Third, the group of under-utilized persons in many ways proves the existence of a reserve army of workers which, under certain conditions, could increase their individual labour activities within relatively short periods of time. This labour reserve should be seen in contrast to the labour reserve among "non-discouraged workers" outside the labour force (housewives, etc), which is likely to become available only over a longer period of time.
It is reasonable to assume that an increase in wages stemming from a positive shift in demand for labour will generally also lead to an increase in supply of labour. The size of the group of under-utilized persons is an important factor to be considered in employment planning. It has particular relevance when evaluating short-term effects of shifts in demand for labour, but also when making labour-force projections for the long term. These points will be further discussed at the end of this chapter.
We may now turn to the section of the prevalence of under-utilization of labour in Gaza and the West Bank refugee camps. Here we divide the working age population into the three main groups described above: Employed, no more work wanted; non-active, no more work wanted; and under-utilized persons.
As can be seen from figure 2.25, almost half the of adult males in both areas are under-utilized. In particular for Gaza, where all types of localities are represented in the survey population, these results paint a worrisome picture of profound social frustration.
Figure 2.25 Employment situation, by gender and main geographical area. Percentage of adults in respective groups
The vast majority of women, on the contrary, do not express dissatisfaction with their current labour-force status. Most women in both areas are inactive in the labour market, and do not express desire for work because they are either housewives, students or old/ill.
Breaking the results down by sub-regions, we note a somewhat surprising but nontheless explainable lack of variation in the distribution of the three groups by sub-region and refugee status in Gaza. The FALCOT 92 report showed that Greater Gaza City, where non-refugees are over-represented, at that time had the least difficult employment situation. In the preceding section, however, we saw that these localities had the greatest decrease in male labour-force participation from 1992 to 1993. The border closure thus paradoxically seems to have equalized regional differences in Gaza, bringing all localities up to the same high level of under-utilization of adult male labour.
For the West Bank refugee camps (97% UNRWA refugees), regional differences in the distribution of the three groups were even smaller. The only exception was a relatively large number of under-utilized women in the Central/ Southern camps.
More important than variations by locality are variations according to individual characteristics. Figures 2.26, 2.27, 2.28 and 2.29 present the distribution of the three groups by gender, age and education.
Figure 2.26 Labour under-utilization, by gender and age. Percentage of persons in respective groups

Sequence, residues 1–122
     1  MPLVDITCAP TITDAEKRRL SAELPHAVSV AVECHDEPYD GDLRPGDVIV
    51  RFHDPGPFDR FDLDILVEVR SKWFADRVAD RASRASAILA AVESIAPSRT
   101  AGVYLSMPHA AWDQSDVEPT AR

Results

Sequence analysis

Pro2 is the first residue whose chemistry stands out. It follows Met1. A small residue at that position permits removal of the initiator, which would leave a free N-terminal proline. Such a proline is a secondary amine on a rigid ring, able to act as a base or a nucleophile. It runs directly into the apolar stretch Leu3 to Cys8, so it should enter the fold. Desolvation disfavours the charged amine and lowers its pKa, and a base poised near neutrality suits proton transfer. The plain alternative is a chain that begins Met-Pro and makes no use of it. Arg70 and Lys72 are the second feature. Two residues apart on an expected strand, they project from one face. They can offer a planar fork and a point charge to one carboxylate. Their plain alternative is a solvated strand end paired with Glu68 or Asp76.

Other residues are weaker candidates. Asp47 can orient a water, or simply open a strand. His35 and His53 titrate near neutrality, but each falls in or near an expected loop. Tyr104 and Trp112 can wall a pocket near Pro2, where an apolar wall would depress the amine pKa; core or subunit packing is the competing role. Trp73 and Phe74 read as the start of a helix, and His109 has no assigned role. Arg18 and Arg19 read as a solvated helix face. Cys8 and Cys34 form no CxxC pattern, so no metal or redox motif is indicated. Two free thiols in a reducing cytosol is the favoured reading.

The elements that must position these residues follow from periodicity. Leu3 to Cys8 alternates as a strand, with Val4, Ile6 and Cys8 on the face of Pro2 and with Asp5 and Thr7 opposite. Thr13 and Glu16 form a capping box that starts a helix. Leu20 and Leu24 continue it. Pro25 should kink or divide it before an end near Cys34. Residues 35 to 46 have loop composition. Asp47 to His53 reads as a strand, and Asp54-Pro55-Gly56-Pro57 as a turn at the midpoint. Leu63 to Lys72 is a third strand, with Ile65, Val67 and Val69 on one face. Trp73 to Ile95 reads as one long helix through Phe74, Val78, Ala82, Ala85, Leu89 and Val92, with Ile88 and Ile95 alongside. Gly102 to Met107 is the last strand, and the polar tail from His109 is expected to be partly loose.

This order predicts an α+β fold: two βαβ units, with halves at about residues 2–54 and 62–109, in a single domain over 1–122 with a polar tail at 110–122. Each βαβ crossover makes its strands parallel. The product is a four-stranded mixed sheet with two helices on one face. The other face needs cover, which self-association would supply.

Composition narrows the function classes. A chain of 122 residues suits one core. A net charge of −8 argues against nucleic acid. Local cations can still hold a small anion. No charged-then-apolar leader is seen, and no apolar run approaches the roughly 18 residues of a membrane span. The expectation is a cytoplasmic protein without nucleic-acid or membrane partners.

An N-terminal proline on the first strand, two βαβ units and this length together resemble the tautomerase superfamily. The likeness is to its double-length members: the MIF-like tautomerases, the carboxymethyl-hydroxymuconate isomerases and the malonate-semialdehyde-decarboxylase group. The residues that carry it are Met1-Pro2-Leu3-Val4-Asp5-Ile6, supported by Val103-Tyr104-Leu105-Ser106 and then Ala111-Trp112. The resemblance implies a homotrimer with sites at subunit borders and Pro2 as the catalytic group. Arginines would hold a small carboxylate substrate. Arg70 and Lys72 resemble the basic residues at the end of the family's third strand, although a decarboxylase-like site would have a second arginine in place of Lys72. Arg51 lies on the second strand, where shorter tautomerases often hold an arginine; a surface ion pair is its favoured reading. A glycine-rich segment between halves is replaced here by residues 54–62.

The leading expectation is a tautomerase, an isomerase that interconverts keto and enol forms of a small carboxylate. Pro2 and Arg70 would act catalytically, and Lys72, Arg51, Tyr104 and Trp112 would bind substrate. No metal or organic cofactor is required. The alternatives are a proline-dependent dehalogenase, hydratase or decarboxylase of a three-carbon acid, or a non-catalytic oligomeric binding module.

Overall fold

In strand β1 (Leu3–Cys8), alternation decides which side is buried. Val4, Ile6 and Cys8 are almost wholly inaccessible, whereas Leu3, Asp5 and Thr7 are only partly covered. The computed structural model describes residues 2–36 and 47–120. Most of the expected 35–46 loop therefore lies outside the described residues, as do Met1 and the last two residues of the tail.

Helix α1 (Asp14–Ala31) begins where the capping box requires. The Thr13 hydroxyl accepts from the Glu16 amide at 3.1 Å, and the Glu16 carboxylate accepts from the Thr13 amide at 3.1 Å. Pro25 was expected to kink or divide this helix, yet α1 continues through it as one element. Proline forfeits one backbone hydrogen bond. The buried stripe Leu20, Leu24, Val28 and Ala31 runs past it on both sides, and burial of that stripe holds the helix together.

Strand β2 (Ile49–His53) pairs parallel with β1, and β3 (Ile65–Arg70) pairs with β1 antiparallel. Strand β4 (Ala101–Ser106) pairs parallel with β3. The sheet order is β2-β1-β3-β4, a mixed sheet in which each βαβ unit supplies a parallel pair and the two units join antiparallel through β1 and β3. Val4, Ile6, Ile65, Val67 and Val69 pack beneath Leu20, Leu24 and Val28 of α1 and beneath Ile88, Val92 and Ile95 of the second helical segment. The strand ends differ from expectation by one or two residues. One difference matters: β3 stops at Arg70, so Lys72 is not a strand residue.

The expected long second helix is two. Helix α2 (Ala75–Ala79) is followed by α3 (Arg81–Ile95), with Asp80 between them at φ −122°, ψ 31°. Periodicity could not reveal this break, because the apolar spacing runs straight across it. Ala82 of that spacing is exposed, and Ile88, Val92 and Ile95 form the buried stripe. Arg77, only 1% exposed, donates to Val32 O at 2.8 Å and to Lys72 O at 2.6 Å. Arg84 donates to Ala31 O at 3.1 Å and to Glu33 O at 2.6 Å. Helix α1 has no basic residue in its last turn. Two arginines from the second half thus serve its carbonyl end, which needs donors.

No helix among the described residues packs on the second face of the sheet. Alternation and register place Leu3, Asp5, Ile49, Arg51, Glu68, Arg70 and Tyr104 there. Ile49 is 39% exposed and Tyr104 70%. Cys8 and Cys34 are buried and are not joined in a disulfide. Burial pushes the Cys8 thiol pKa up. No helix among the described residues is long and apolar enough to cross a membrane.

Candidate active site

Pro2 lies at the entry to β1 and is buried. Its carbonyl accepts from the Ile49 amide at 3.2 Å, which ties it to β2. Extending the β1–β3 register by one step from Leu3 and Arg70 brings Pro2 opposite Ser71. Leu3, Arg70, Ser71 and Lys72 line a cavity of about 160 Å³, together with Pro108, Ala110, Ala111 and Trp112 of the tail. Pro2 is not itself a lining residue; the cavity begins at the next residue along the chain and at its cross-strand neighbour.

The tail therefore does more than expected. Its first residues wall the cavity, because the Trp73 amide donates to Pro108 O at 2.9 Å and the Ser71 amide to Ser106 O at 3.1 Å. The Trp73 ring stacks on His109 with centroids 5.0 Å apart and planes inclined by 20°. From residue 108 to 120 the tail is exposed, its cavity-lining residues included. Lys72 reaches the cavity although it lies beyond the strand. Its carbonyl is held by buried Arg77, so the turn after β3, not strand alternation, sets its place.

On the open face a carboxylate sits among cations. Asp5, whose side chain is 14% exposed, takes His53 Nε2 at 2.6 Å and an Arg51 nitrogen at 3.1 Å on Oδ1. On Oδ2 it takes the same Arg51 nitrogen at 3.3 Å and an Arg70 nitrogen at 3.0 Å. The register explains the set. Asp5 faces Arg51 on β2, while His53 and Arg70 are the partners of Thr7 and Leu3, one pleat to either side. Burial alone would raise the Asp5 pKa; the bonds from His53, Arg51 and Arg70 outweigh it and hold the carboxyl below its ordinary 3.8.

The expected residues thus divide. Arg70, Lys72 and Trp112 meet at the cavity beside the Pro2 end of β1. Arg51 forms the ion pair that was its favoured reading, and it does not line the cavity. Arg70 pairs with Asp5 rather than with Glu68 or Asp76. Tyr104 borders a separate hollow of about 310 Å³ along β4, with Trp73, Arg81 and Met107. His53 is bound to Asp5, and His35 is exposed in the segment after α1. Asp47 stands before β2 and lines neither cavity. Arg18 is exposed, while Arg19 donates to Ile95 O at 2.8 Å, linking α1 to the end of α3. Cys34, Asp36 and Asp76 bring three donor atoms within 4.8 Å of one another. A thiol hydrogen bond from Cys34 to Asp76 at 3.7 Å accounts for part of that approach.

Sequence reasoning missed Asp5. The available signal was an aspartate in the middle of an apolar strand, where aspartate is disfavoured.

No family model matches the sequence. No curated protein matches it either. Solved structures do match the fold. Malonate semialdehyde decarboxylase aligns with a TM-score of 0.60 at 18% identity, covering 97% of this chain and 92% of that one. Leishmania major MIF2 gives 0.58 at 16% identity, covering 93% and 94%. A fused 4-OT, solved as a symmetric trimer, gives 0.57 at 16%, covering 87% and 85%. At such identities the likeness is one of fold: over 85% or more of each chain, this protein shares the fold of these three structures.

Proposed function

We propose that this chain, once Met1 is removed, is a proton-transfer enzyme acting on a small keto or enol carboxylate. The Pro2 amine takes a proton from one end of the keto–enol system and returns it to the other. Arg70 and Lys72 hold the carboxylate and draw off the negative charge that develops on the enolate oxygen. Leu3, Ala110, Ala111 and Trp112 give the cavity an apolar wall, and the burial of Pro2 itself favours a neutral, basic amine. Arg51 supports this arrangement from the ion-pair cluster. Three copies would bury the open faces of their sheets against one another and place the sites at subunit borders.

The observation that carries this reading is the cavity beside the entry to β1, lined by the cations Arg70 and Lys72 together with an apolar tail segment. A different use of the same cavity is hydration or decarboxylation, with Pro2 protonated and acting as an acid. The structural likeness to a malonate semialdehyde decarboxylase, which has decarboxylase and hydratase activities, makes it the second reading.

Figure 2.27 Labour under-utilization, by gender and education. Percentage of adults in respective groups
Figure 2.28 Male employment situation, by gender and education in Gaza. Percentage of adult men in respective groups
Figure 2.29 Female employment situation, by gender and education in Gaza. Percentage of adult women in respective groups
A breakdown of the results for women by age and education indicates that the future may see major changes in the pattern of "inactive" women with no desire to join the labour force. The aggregate results seem to cover strong effects along a dimension of exposure to modern society and thinking. On the one hand, there is a majority of voluntarily inactive old or less educated women, particularly in Gaza. On the other, we find a minority of young, highly educated women who want more work, or who wish to start to work, particularly in the West Bank refugee camps.
In both main geographical areas a high number of young and middle-aged, well-educated men want to change their current labour-force status. Two-thirds of Gaza men aged 20-29 years can be classified as under-utilized. Almost as high levels are reached for men of the same age in the West Bank refugee camps. This high under-utilization of youth and middle-aged, well-educated men represents a tremendous waste of some of the most productive groups in the Occupied Territories. The problem is aggravated by the risk of a permanent reduction in the productive potential of those completely inactive, the unemployed and "discouraged workers".
The high number of under-utilized youth and middle-aged men, culturally expected to provide for their families, proves the existence of a reserve army of male workers. An outward shift in demand for labour is likely to lead to a steep increase in labour supply within relatively short periods of time. The size of the group of under-utilized persons is thus an important factor to be considered in labour market planning.
The most serious problem stemming from the large numbers of young, well-educated and under-utilized men is the vast potential they represent for social unrest and violence. These males with ample resources, and most probably frustrated with their current employment situation seem to direct much of their dissatisfaction towards Israel.
Failure to defuse this "social bomb" in the very near future may jeopardize the creation of conditions necessary for economic growth. Reducing under-utilization of labour in the Occupied Territories will thus be a crucial challenge for the Palestinian self-governing authority. If it does not succeed, it may end up replacing Israel as the scapegoat for social frustration and dissatisfaction.